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Security Token Academy Frequently Asked Questions

 

What is a security token?

A security token is a type of tokenized asset (e.g. stock), classed as a security under the laws of a governing jurisdiction (e.g. United States), issued, tracked, and traded using a blockchain (e.g. Ethereum).

Security tokens are also referred to as digital securities, tokenized securities, and blockchain-based securities.

Are security tokens treated the same as “regular” securities by securities regulators?

Today, most jurisdictions aim to treat security tokens using the exact same laws and regulations as “regular” securities. The difference between “security tokens” and “securities” is one of form -- not substance.

Security tokens are unique in that they are created and issued inside of a digital wrapper (i.e. a digital token), allowing the security to be owned, tracked, and traded in a blockchain-based environment. This digital wrapper, in conjunction with a trustless blockchain database, aims to empower our global pool of assets in new and innovative ways.

 

What are some of the benefits of security tokens?

There are a number of potential benefits that security tokens and blockchain-based transfers of assets could bring to our private and public securities markets:

  • 24/7 Markets. Today, major U.S. stock market exchanges have limited daily trading hours, and are closed on weekends. Blockchain ecosystems empower a technology stack that operates non-stop, which could one day extend to our private and public securities markets -- creating additional forms of value.
  • Fractional Ownership. For many retail investors, it’s non-trivial to come up with the resources to buy single high value assets, like commercial real estate or fine art. Today, an investor can either forego exposure of that expensive asset category entirely, or obtain exposure through an intermediary (REIT). Due to the unique divisibility of blockchain-based securities, fractionalization can provide non-intermediated access to previously inaccessible categories of expensive assets.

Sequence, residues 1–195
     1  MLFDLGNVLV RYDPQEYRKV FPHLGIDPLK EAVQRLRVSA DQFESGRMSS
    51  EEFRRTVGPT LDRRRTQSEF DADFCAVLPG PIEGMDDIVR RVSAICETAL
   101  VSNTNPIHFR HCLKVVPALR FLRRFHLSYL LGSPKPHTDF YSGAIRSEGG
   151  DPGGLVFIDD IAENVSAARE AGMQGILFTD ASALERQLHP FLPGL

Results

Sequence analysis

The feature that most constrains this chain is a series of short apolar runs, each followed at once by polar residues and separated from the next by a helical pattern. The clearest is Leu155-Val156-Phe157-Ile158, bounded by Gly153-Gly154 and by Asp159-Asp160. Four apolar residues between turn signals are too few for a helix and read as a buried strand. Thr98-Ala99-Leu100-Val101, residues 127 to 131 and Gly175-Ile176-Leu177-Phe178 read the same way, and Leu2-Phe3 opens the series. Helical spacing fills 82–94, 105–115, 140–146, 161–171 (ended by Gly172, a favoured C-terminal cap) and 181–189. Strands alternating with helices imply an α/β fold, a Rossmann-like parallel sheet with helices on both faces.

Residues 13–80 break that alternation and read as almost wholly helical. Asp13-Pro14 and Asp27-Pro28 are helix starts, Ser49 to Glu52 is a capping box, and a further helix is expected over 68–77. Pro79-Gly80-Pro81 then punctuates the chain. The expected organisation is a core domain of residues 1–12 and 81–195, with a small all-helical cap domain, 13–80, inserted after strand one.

• Rapid Settlement. Today, public market exchanges like NASDAQ and NYSE can execute trades quickly, but settling ownership of those trades is typically two days (Trade + 2 Days). Alternatively, private market securities can often take weeks or months to trade or transfer. With security tokens, ownership claims will have the ability to trade and settle in seconds or minutes.
  • Cost Reduction. One of the most attractive benefits for security tokens are the proposed reduction in back-office and administrative costs associated with today’s issuance and management of securities. For example, when startups are acquired, reconciling capitalization tables to the underlying purchasing agreements and option grants can be costly -- when ownership claims are tokenized, cap tables are reconciled in real time by code.
  • Increased Liquidity and Market Depth. Many private securities today, like Limited Partner (LP) interests in a fund, are relatively illiquid -- which means the ownership interests are costly to trade and will affect the asset’s price. Tokenized funds could allow fund managers to invest in illiquid assets without fear of redemptions, while fund investors are able to access liquidity in secondary markets. As a result of these deeper markets and improved investor liquidity, one might also expect an increase in an asset’s value.
  • Automated Compliance. Today, regulatory compliance for securities is typically documented through a series of separate ledgers -- each constructed by entities that facilitate issuance and/or secondary trade. Only through reconciliation of these segregated ledgers is ownership and compliance legally validated. With security tokens, which are built on a model leveraging transparent and immutable blockchain ledgers, regulators will have a far easier time keeping track of compliance issues, system manipulation, or fraud.
  • Asset Interoperability. Today’s centralized solutions for electronic value transfer of securities lack compatibility -- they don’t talk to each other. With standardized digital formatting, security tokens will be able to reference each other contractually and automatically.